Attorney General Griffin B. Bell is starting what may become a tradition for Cabinet members facing troubles in court cases: the Order of the Hacksaw.
Last summer, after a New York judge cited Bell for contempt of court for refusing to turn over confidential FBI informant files to the Socialist Workers Party, Washington attorney Charles Morgan Jr. sent the attorney general a hacksaw. It was a joking reminder of what Bell might need to get out of jail, which is where the SWP wanted him.
A week ago, a federal appeals court overturned the contempt citation. With jail no longer a threat, Bell called Morgan to ask him how he should dispose of the hacksaw, which had been hanging on his office door for eight months.
Morgan agreed with Bell's idea that the hacksaw should be passed along to Health, Education and Welfare Secretary Joseph A. Califano Jr., who is facing a possible contempt citation growing out of a North Carolina civil rights dispute.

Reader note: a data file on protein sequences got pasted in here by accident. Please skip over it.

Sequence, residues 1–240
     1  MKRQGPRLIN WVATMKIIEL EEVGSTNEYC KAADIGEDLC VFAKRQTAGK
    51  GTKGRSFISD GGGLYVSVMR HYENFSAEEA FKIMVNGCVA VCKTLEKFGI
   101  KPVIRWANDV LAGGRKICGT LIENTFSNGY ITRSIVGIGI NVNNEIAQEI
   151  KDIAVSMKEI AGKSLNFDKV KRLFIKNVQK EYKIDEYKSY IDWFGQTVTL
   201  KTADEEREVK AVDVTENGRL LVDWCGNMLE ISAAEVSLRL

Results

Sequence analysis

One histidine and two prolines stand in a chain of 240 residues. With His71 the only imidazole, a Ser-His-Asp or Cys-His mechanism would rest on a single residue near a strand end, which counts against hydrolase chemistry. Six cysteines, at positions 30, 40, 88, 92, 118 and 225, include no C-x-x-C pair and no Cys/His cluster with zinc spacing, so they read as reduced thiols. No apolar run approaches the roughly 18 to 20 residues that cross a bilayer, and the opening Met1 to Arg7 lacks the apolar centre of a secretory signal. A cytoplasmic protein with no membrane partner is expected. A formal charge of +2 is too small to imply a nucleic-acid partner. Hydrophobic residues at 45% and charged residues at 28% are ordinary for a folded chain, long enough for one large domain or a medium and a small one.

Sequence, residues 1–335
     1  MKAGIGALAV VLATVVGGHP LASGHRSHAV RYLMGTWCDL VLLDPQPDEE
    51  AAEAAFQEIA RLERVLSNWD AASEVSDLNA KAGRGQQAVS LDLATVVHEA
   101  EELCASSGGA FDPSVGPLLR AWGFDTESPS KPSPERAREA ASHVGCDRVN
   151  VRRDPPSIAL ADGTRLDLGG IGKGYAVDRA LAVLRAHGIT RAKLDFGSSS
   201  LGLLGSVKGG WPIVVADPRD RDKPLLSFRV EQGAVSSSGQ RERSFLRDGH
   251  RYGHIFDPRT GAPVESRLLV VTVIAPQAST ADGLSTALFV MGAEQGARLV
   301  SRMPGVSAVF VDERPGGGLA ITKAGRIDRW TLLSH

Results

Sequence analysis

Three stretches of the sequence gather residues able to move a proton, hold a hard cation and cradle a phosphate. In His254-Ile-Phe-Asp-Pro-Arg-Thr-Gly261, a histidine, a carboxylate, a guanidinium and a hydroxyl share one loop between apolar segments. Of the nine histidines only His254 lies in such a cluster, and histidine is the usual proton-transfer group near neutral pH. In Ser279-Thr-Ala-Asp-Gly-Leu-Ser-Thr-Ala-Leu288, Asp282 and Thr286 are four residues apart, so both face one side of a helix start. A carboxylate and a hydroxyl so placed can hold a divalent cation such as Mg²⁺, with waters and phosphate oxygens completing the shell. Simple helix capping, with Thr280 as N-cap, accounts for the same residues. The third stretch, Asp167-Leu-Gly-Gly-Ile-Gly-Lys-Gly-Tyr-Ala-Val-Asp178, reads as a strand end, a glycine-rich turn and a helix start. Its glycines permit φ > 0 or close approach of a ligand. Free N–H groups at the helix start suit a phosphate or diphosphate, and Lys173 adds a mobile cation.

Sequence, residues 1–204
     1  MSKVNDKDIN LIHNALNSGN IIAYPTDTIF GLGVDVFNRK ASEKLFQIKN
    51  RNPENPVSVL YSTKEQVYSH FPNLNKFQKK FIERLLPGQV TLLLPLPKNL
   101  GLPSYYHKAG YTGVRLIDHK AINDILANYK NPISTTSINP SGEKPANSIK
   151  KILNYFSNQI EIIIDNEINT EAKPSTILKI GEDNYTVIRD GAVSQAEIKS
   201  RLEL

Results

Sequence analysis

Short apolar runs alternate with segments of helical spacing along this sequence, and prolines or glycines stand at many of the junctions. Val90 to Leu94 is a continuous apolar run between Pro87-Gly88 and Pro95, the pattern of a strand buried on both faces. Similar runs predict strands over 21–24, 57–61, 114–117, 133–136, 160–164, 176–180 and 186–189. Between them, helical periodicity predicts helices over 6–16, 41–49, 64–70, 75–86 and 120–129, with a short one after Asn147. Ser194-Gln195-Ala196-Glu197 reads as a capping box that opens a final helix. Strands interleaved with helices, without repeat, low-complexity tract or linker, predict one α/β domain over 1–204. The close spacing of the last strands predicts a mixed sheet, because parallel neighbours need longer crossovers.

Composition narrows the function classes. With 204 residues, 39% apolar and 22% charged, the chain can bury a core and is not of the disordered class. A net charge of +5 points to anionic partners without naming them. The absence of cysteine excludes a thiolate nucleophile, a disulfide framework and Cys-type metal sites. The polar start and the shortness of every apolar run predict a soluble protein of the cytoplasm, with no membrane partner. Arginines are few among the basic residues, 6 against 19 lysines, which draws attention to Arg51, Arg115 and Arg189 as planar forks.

"I sent him [Califano] the hacksaw for good luck. I wanted to make him feel better," Bell said with a chuckle yesterday. "I saw Joe last night at the Gridiron Club dinner and he said it made him feel worse." (Califano has asked the attorney general, as the government's top lawyer, to defend him in the North Carolina case.)
"Here he said he'd selected a lawyer to keep him out of jail and I was sending him a hacksaw," Bell said. "He said it was one of the most chilling things that had ever happened to him. And he took a dim view, too, of my sending the hacksaw through the mails."